Advertisement

Discussion

Moderators: G. Opelz, D. W. van Bekkum
  • C. Th. Smit Sibinga
  • P. C. Das
  • G. Opelz
Chapter
Part of the Developments in Hematology and Immunology book series (DIHI, volume 10)

Abstract

Dr. Glassman, with regard to the utility of the cryopreserved platelets, I think the technique that you have described is a feasible one. With regard to the clinical application, I wonder what the use of cryopreserved platelets actually will be. The reason for this is that I can think of two situations where platelets will be needed at a very frequent rate, that is in support of patients undergoing bone-marrow transplantation, and in support of patients undergoing intensive chemotherapy for diseases which are mainly acute leukemias. With regard to the bone-marrow transplantation, there really would be no need for cryopreserved platelets, for as long as an HLA identical sibling is available fresh HLA matched platelets can be used.

Preview

Unable to display preview. Download preview PDF.

Unable to display preview. Download preview PDF.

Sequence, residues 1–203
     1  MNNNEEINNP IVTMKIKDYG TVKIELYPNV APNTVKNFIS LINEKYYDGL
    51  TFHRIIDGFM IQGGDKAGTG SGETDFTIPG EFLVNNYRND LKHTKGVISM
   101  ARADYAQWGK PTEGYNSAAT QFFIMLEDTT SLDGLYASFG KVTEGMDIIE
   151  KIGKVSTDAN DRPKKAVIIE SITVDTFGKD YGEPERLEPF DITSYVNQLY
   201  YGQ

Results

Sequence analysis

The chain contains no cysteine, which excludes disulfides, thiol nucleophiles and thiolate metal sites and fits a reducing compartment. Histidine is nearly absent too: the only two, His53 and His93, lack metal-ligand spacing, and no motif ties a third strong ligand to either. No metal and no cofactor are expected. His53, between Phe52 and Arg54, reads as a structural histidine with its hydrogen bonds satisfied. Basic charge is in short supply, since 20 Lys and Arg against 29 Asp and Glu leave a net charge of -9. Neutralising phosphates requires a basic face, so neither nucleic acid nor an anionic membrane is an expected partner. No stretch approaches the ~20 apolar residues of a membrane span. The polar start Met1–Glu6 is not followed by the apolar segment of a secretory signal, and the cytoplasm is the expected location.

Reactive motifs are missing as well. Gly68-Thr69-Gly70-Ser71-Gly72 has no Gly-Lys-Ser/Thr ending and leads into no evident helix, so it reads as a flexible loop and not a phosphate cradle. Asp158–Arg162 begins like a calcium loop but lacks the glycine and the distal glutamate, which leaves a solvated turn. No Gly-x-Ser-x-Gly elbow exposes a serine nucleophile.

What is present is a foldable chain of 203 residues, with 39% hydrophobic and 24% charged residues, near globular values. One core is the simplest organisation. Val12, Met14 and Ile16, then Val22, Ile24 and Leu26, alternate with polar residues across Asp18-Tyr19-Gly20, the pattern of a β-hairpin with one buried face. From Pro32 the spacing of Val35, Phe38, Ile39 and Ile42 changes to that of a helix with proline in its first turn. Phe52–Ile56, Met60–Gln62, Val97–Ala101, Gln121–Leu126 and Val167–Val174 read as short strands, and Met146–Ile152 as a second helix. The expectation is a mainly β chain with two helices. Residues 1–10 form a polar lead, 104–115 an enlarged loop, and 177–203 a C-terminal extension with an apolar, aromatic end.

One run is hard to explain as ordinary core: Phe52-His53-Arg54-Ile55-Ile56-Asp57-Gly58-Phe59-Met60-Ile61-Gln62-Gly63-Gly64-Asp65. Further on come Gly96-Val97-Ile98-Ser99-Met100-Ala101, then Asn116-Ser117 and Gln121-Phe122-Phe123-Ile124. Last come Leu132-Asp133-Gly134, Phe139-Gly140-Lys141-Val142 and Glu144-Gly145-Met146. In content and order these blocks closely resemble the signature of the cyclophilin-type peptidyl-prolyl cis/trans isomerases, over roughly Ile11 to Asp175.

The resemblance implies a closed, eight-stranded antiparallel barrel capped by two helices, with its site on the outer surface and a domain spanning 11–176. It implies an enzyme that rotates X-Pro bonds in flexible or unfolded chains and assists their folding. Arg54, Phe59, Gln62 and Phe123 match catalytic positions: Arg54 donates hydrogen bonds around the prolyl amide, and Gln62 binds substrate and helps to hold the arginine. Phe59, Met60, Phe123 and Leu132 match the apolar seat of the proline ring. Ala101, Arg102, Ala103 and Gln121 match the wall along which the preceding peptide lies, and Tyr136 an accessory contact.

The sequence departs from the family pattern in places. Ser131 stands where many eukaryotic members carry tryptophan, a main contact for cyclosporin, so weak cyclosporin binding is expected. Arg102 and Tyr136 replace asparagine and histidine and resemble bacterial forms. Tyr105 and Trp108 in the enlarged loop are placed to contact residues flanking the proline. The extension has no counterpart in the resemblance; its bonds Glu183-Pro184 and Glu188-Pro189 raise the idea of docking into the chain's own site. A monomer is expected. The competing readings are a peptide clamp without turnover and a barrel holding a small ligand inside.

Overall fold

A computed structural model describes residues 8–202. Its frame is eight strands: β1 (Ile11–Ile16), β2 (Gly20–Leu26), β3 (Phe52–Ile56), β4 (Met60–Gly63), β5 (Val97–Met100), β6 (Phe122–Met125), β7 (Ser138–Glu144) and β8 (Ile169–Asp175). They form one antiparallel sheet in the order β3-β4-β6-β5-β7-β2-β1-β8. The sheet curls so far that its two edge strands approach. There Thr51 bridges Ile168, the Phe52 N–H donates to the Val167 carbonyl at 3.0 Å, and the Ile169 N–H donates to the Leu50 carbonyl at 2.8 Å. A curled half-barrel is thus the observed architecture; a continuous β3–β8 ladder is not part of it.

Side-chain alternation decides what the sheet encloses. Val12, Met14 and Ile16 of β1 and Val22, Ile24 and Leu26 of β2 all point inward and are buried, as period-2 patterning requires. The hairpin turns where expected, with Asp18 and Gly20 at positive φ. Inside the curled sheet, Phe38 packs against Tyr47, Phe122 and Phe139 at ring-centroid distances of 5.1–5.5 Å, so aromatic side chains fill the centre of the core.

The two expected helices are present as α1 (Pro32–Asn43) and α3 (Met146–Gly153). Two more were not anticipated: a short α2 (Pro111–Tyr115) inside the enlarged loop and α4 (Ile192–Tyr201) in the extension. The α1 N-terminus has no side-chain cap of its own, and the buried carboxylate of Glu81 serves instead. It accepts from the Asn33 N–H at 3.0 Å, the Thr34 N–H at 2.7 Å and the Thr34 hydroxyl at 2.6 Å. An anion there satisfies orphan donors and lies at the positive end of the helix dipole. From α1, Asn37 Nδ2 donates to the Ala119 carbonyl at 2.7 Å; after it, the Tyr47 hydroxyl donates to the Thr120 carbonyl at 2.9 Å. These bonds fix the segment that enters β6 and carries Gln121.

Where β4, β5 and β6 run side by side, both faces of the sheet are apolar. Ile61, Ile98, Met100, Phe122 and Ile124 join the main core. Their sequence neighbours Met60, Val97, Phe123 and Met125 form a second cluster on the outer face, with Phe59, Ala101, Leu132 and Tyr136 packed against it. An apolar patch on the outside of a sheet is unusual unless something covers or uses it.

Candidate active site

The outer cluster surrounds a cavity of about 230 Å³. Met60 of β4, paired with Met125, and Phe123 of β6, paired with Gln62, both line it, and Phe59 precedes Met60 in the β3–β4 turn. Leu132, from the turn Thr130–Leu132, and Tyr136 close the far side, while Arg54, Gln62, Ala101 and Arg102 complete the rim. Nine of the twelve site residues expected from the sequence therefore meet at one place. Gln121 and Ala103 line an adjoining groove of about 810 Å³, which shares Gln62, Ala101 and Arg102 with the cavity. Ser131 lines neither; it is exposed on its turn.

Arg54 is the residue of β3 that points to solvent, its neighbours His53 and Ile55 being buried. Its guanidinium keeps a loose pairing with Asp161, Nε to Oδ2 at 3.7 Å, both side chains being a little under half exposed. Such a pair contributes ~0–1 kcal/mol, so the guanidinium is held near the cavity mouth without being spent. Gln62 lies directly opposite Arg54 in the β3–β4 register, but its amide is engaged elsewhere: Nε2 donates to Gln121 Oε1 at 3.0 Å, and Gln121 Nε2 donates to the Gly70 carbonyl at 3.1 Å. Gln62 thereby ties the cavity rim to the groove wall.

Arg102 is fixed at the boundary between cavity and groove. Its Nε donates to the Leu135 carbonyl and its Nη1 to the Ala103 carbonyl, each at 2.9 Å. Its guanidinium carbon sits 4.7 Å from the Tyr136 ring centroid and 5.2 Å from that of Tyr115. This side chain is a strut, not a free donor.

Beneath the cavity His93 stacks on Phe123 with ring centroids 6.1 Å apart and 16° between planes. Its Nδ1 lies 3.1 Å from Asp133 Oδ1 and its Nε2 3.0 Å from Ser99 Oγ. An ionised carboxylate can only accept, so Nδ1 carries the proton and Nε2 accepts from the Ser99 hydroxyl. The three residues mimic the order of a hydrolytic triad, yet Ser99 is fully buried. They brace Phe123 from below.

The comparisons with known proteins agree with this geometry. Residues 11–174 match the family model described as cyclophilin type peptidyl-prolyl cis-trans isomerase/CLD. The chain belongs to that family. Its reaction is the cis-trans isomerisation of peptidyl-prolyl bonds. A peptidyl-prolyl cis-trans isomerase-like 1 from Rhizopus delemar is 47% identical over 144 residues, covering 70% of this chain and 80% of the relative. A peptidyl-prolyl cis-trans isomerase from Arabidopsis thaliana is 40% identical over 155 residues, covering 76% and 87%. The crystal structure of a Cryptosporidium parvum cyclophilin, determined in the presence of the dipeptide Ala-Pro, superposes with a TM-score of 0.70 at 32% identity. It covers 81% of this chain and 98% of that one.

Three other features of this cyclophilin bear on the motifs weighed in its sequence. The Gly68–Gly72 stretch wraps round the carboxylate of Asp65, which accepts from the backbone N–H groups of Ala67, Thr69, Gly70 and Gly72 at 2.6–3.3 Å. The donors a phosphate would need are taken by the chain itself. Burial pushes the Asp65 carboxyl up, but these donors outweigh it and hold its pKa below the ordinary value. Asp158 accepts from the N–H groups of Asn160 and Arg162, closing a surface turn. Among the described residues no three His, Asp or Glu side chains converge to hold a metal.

References

  1. Bainbridge DR. Eliminations of allogeneic lymphocytes by mice. Immunol Rev 1983; 73: 5–34.PubMedCrossRefGoogle Scholar
  2. Heslop BF, McNeilage J. Natural cytotoxicity: Early killing of allogeneic lymphocytes in rats. Immunol Rev 1983; 73: 35–52.PubMedCrossRefGoogle Scholar
  3. Rolstad B, Ford WL. The rapid elimination of allogeneic lymphocytes: Relationship to establish mechanisms of immunity and to lymphocyte traffic. Immunol Rev 1983; 73: 87–114.PubMedCrossRefGoogle Scholar
  4. Birkeland SA. Malignant tumors in renal transplant patients; the Scandia transplant material. Cancer 1983; 51: 1571–5.PubMedCrossRefGoogle Scholar

Copyright information

© Springer Science+Business Media Dordrecht 1984

Authors and Affiliations

  • C. Th. Smit Sibinga
    • 1
  • P. C. Das
    • 1
  • G. Opelz
    • 2
  1. 1.Red Cross Blood Bank Groningen-DrentheThe Netherlands
  2. 2.Ruprecht Karls UniversityHeidelbergGermany

Personalised recommendations